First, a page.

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Logbooks


Disclaimer: While based on facts about drag racing, this page contains the personal views and opinions of one racer - Michael Beard


I am admittedly a stat-monger. I keep all kinds of statistics about the racing operation. When I started bracket racing, I saw some people keeping notes in a logbook, and as a way to keep track of how my car has progressed, and to keep the memory of races won safe in a written history, I made a logbook, too. It has become more than that. A logbook is more than just a record-keeping device, it is a tool.

Started simply at first, I used to write down all the information on my time slip in my logbook. In elimination rounds, I would put an asterisk in the ET column if I had hit the brakes. When I moved up to the Heavy Eliminator class, I began using the logbook as a business would, to keep track of fuel costs, entry fees, and other expenditures, as well as winnings and my own points. Keeping points records is very important: tracks will sometimes make mistakes in the points standings, and you can correct them if you have good records and can prove your real amount of points. When fighting for a championship, every round counts!

Chevelle In my second year in Heavy, I added a column for my average reaction time. I soon discovered that I was averaging .540's, much better than the previous two years, and decent in itself, but obviously with room for improvement. I strove to get better lights, but my logbook would not lie: I wasn't gaining on the problem. Without such records, it is unlikely that I would have even identified my r/t's as a problem. I finally broke down and bought a practice tree, and after a time, I could see the rewards in writing in my logbook records. Similarly, I have been able to deduce how effective my dial-in strategies have been.

There is a lot more information that you can keep that will help you make more effective use of your logbook. I make a note after every elimination round of who I ran, what their r/t was, and what they ran on their dial. This allows me to recall the race more clearly, and I can determine what I did right in the race, and what I could have done differently. I also keep a keen eye on my weather station, and note the weather conditions after every run. If you are still tuning or otherwise changing your combination, you may wish to record jet sizes, tire pressure, and other technical settings that may have had an effect on your performance. Writing a couple comments about the run can be helpful for future reference as well.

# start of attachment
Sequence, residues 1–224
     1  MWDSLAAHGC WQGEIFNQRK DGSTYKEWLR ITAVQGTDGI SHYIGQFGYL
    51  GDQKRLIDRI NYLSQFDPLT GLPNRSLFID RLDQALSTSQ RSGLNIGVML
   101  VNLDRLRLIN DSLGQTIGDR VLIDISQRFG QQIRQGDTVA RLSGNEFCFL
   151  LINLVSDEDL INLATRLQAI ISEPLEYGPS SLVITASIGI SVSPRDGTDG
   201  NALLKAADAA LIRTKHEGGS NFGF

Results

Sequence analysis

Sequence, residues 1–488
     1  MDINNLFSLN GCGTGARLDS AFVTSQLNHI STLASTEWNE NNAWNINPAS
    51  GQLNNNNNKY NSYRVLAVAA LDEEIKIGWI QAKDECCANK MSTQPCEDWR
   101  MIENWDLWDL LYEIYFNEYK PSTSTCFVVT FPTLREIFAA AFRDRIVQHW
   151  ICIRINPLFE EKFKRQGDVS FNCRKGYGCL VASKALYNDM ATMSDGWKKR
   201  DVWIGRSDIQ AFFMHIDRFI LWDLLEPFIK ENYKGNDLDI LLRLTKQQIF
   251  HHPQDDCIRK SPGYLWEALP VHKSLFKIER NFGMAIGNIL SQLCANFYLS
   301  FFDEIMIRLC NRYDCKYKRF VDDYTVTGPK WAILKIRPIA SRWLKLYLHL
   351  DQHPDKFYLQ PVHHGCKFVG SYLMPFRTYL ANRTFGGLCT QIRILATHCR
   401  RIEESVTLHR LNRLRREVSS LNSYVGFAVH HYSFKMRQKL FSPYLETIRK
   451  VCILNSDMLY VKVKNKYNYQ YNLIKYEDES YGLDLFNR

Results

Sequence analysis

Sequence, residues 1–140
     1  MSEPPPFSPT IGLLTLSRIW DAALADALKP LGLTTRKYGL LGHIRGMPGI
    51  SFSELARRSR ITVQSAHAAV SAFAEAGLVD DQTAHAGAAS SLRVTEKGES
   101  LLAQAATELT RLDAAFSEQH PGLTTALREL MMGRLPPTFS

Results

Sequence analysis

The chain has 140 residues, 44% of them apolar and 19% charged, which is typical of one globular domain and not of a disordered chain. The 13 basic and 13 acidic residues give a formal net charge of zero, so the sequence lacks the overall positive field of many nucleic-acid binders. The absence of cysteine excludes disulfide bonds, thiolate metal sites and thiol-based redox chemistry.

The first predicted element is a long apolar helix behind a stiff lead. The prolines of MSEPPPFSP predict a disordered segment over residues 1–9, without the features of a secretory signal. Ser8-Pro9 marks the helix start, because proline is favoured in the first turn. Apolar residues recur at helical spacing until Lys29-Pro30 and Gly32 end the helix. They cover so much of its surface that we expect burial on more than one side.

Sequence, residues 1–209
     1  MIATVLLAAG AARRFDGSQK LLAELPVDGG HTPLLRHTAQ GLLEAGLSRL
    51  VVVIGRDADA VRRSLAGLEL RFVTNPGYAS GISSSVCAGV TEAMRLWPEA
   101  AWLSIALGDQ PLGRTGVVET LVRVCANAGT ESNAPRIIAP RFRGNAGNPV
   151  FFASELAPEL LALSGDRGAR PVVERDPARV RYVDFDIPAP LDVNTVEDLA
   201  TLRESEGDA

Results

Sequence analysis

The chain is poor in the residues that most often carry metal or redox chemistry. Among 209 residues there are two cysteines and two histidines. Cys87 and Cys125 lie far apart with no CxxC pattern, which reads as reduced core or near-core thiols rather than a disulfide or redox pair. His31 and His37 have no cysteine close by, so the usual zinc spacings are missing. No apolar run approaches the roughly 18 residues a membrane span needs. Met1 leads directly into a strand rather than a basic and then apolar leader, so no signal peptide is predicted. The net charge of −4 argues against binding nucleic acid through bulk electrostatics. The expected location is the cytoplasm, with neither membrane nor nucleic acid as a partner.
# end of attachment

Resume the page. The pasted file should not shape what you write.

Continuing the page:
Now that you have an idea what might go in a logbook, how can you use it as a tool? I have one really great use for them. In bracket racing, it is not all that rare that you might lift or hit the brakes in eliminations. What might the car have run if you hadn't hit the brakes? Enter linear interpolation, or trend analysis. (ow! sounds scary...) That's just a fancy term for what is really just projecting your ET given what you know from intermediate times on the run, and previous runs. With logbook in hand, I have been able to use this method to figure out what my ET would have been, usually within .003 seconds!

What I do is examine my 660' (1/8th mile), 660' mph, and 1000' times. A quick way to start on this is to scan through your logbook for a run (preferably on the same day, or on a similar weather day) that has a 1000' time within say, .01 seconds of the run you are trying to figure out. If you compare the 660' times and 1000' times on these runs, you will see a trend that will get you probably within .01 or so of what you may have run. When you take into account the difference in 660' mph, you can get an even better idea of the trend. If the two runs you are using are very close, you can even go back to the 60' and 330' times to get the best idea, or alternatively, find some more runs with which to do comparisons. Armed with this knowledge, it's just like having another time shot!


Copyright 1996-1999 Michael G. Beard

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